Biochemistry at The Biology Project

Clinical Correlates of pH Levels
Problem Set

Problem 6: Compensation for chronic metabolic alkalosis

For chronic metabolic alkalosis, effective compensation by the body involves:

A. expelling H+ in the kidney.
This would actually make matters worse.
B. retaining CO2 in the lung.
By mass action, an increase in CO2 in the lungs triggers an increase in the H2CO3 intermediate, which, in turn, dissociates to bicarb and H+, thus lowering pH.
C. expelling HCO3- in the kidney.
This might help a little, but is anyway overwhelmed by the real response.
D. retention of NH4+Cl- in the kidney.
This would help a little if it actually happened, but would be rather slow and incomplete. Also, our bodies normally convert waste ammonia to another product (urea) for excretion. NH4+Cl- is, however, sometimes given as an infusion to patients with severe metabolic alkalosis, since it, analogous to carbonic acid, is unstable, breaking down to H+, Cl-, and NH3. Expiration of NH3 in the lung then leaves behind H+ and Cl-, thus bringing down the pH.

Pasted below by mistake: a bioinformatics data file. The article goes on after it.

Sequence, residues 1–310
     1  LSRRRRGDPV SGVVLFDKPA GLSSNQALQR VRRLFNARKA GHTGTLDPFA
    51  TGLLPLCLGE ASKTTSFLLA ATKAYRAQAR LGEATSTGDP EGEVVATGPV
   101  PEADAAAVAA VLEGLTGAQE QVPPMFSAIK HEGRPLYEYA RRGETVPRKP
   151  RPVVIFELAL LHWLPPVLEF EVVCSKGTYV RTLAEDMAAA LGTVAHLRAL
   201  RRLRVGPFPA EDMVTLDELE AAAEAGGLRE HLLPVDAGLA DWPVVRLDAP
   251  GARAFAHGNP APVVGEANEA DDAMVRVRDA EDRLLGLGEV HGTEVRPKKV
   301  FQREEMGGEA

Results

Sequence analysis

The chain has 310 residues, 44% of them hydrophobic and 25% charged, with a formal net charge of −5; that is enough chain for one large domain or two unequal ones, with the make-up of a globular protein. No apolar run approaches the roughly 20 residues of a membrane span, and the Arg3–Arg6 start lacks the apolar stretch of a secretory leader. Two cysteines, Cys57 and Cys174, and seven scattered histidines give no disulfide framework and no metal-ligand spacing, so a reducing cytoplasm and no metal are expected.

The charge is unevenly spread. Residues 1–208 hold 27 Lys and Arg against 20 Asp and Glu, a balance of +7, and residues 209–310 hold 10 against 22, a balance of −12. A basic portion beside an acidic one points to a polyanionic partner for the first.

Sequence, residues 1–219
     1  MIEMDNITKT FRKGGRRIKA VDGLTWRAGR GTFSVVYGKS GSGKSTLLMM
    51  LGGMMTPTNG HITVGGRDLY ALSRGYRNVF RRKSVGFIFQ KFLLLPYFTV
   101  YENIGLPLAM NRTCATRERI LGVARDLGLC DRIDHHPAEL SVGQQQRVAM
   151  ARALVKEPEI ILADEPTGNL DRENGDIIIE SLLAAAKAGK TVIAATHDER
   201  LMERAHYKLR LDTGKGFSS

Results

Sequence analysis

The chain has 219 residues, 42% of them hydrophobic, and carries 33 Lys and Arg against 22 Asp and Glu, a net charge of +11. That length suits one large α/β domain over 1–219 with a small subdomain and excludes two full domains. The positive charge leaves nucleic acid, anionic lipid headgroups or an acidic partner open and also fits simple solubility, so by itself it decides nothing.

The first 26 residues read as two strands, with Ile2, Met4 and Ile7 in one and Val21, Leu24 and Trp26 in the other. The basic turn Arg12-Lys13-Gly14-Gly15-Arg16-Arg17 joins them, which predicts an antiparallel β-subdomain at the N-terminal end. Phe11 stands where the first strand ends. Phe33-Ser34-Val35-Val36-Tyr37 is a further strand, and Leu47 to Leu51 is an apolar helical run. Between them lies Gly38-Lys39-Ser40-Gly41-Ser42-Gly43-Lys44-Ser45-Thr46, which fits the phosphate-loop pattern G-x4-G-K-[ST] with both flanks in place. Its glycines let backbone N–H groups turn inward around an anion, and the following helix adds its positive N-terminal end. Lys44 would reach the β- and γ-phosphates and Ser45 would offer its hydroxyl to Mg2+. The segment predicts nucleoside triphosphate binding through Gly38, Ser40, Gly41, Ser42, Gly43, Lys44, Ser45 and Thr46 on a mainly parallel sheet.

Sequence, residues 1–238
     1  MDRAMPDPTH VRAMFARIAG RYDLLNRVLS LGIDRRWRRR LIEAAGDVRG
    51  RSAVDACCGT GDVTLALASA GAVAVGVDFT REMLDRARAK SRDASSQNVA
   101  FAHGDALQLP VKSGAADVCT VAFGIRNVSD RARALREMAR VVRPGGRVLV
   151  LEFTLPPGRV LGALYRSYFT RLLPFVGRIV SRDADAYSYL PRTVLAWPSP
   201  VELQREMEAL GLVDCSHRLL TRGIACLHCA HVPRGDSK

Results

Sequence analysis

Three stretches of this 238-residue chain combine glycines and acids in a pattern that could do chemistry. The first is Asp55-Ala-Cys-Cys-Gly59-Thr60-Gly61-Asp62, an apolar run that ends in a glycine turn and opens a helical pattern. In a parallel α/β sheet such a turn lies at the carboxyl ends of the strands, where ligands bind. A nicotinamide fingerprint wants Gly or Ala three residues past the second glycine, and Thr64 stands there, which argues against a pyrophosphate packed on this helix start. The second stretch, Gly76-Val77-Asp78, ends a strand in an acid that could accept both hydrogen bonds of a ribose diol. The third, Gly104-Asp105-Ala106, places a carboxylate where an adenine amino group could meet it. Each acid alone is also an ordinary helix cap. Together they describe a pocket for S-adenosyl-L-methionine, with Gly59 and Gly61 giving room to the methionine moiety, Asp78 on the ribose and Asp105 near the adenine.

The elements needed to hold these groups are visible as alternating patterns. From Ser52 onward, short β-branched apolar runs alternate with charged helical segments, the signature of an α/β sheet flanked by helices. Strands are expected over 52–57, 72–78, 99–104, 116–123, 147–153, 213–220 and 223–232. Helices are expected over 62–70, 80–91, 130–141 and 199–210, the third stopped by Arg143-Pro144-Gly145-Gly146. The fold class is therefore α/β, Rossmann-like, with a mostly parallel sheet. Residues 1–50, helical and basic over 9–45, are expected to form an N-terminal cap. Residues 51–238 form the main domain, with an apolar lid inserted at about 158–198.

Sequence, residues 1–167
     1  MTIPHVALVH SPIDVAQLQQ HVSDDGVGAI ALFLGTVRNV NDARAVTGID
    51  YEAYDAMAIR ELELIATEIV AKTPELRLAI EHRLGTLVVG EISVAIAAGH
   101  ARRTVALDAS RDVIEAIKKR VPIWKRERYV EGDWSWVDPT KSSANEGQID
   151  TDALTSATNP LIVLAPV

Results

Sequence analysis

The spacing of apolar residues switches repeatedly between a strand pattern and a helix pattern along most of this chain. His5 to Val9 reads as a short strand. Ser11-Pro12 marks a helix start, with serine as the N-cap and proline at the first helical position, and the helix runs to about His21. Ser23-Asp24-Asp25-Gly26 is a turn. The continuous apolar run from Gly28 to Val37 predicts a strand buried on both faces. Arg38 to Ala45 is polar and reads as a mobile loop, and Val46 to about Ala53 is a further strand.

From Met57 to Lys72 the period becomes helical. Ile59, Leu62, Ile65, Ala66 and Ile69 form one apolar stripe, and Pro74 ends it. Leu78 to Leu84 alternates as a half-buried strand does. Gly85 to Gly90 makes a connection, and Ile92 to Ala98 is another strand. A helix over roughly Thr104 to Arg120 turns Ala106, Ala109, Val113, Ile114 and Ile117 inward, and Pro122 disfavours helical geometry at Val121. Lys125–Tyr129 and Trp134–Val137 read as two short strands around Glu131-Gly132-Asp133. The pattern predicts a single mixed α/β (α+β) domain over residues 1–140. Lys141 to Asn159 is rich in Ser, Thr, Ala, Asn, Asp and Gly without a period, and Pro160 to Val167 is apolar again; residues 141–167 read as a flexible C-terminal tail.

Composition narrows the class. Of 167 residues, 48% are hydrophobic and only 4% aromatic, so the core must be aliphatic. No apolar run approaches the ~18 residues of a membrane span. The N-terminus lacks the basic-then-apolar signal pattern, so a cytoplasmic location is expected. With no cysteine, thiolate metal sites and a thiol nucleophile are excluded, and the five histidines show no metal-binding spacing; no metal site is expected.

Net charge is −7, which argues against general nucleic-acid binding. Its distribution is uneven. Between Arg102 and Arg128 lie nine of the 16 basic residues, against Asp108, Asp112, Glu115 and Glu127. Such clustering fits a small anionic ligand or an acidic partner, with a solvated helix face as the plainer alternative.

E. expelling OH- in the kidney.
This might happen, but kidney adjustments are not the major means of compensation for a metabolic defect.

[Problem 6] [Tutorial] [Problem 7]

[Clinical Correlates] [Biochemistry] [Vocabulary] The Biology Project

The Biology Project
Department of Biochemistry and Molecular Biophysics

The University of Arizona
January 19, 1999
Contact the Development Team
All contents copyright © 1998. All rights reserved.

The Biology Project Biochemistry